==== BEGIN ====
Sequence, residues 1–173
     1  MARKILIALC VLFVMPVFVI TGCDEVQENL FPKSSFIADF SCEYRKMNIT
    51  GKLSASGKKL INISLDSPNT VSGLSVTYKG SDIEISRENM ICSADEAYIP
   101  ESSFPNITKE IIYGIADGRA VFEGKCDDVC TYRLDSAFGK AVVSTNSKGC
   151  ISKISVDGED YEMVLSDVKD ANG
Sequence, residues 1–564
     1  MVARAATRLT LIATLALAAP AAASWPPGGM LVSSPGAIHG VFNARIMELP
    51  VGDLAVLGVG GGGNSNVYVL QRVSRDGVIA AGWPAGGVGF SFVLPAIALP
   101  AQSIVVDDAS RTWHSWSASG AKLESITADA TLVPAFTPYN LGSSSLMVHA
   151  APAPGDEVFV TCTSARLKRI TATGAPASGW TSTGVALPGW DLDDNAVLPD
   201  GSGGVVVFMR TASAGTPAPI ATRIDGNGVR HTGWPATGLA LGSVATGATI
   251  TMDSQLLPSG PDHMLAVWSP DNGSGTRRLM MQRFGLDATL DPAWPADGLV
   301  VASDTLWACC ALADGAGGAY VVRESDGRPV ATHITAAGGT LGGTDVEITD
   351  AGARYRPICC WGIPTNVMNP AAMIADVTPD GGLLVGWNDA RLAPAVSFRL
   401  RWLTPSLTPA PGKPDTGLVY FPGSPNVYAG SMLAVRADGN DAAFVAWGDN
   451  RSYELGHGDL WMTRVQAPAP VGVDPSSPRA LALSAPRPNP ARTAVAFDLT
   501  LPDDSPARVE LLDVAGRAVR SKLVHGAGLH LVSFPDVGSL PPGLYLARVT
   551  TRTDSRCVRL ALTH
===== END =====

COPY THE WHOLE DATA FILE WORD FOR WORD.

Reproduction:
Sequence, residues 1–173
     1  MARKILIALC VLFVMPVFVI TGCDEVQENL FPKSSFIADF SCEYRKMNIT
    51  GKLSASGKKL INISLDSPNT VSGLSVTYKG SDIEISRENM ICSADEAYIP
   101  ESSFPNITKE IIYGIADGRA VFEGKCDDVC TYRLDSAFGK AVVSTNSKGC
   151  ISKISVDGED YEMVLSDVKD ANG
Sequence, residues 1–564
     1  MVARAATRLT LIATLALAAP AAASWPPGGM LVSSPGAIHG VFNARIMELP
    51  VGDLAVLGVG GGGNSNVYVL QRVSRDGVIA AGWPAGGVGF SFVLPAIALP
   101  AQSIVVDDAS RTWHSWSASG AKLESITADA TLVPAFTPYN LGSSSLMVHA
   151  APAPGDEVFV TCTSARLKRI TATGAPASGW TSTGVALPGW DLDDNAVLPD
   201  GSGGVVVFMR TASAGTPAPI ATRIDGNGVR HTGWPATGLA LGSVATGATI
   251  TMDSQLLPSG PDHMLAVWSP DNGSGTRRLM MQRFGLDATL DPAWPADGLV
   301  VASDTLWACC ALADGAGGAY VVRESDGRPV ATHITAAGGT LGGTDVEITD
   351  AGARYRPICC WGIPTNVMNP AAMIADVTPD GGLLVGWNDA RLAPAVSFRL
   401  RWLTPSLTPA PGKPDTGLVY FPGSPNVYAG SMLAVRADGN DAAFVAWGDN
   451  RSYELGHGDL WMTRVQAPAP VGVDPSSPRA LALSAPRPNP ARTAVAFDLT
   501  LPDDSPARVE LLDVAGRAVR SKLVHGAGLH LVSFPDVGSL PPGLYLARVT
   551  TRTDSRCVRL ALTH